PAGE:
Turkey on Sunday called on an end to provocations such as burning of Turkish flag in Greece over reversion of Hagia Sophia to a mosque, and also “strongly” condemned the act, according to the National Defense Ministry.

“We strongly condemn and curse the burning of Turkish flag in Greece’s Thessaloniki,” the ministry said on Twitter.

“We warn that such and similar provocations and harassments be terminated immediately,” it said, adding: “Dirty hands reaching to our glorious flag will be broken.”

A group of far-right Greek extremists burned Turkish flags late Friday in Thessaloniki to protest the reopening of the Hagia Sophia Grand Mosque for worship in Istanbul.

Friday’s historic prayer in the Hagia Sophia Grand Mosque marked the first acts of worship there in 86 years.

Thousands of people took part in Friday prayers both inside and outside the historic mosque in Istanbul, Turkey’s largest metropolis.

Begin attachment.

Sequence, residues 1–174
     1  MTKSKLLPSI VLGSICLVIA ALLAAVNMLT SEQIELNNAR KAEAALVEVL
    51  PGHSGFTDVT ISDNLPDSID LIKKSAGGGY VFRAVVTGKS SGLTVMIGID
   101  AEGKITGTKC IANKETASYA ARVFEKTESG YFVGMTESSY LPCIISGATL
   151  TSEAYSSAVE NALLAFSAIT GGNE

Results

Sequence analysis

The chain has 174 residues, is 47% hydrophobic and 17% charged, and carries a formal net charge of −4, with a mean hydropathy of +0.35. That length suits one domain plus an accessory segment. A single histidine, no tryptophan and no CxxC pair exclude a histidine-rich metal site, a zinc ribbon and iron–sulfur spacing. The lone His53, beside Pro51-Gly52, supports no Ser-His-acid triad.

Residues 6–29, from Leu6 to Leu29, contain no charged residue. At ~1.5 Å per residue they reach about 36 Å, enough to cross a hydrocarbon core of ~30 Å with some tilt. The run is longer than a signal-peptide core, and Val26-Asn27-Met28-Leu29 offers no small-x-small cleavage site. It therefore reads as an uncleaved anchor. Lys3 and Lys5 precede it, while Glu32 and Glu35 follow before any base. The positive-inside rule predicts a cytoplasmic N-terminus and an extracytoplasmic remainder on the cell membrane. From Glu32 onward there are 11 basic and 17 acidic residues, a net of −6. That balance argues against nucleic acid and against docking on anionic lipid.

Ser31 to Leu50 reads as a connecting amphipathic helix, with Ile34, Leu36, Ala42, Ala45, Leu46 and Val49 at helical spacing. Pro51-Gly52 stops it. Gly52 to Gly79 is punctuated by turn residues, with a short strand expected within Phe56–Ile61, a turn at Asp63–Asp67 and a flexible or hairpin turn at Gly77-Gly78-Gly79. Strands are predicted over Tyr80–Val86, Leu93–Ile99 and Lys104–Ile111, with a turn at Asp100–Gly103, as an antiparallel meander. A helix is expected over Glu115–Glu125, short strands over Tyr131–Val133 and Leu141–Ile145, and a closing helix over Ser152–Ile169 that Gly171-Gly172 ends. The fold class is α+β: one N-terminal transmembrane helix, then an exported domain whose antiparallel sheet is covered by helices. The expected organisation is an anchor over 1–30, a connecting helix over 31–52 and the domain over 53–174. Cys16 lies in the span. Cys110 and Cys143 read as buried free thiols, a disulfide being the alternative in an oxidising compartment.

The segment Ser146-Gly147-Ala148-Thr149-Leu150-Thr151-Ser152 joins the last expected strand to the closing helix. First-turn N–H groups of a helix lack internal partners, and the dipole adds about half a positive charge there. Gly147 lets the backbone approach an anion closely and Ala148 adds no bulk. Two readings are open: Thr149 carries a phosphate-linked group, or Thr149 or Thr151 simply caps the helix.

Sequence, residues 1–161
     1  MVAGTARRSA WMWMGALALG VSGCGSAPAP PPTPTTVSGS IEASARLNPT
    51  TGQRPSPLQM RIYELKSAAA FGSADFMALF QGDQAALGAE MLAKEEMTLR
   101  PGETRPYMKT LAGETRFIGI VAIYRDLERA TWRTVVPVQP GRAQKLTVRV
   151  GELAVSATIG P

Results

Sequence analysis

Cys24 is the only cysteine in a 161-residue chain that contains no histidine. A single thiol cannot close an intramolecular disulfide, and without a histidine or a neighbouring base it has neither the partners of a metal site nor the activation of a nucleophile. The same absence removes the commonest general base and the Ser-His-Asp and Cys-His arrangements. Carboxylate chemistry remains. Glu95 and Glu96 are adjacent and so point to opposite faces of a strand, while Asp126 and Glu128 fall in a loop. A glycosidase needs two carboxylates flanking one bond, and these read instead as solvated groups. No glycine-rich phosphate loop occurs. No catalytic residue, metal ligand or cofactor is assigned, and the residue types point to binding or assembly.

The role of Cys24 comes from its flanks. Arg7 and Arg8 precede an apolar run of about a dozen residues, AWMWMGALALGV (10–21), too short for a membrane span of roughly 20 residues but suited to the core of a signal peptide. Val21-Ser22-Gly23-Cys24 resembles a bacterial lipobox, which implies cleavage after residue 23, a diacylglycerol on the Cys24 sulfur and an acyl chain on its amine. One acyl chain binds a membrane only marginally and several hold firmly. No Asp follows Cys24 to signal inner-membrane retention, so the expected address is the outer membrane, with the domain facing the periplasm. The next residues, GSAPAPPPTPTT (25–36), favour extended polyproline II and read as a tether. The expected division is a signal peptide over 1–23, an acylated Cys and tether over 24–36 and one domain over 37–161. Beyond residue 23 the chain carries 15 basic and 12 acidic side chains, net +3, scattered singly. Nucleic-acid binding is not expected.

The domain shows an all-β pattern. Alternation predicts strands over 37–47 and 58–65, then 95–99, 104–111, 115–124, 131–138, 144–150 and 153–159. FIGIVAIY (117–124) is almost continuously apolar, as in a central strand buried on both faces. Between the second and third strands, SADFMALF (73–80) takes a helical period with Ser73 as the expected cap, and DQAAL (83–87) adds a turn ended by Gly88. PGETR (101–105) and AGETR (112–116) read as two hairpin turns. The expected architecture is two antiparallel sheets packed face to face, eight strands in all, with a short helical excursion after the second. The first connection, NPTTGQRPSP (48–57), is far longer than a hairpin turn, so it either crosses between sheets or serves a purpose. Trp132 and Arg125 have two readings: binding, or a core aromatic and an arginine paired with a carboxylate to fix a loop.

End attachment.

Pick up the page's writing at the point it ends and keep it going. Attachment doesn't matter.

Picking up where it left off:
On July 10, a Turkish court annulled a 1934 Cabinet decree that turned Hagia Sophia into a museum, paving the way for its use as a mosque.

Hagia Sophia served as a church for 916 years until the conquest of Istanbul, and a mosque from 1453 to 1934 — nearly 500 years — and most recently as a museum for 86 years.

In 1985, during its time as a museum, Hagia Sophia was added to the UNESCO World Heritage List.

Besides being a working mosque, Hagia Sophia is also among Turkey’s top tourism destinations and will remain open for domestic and foreign visitors.

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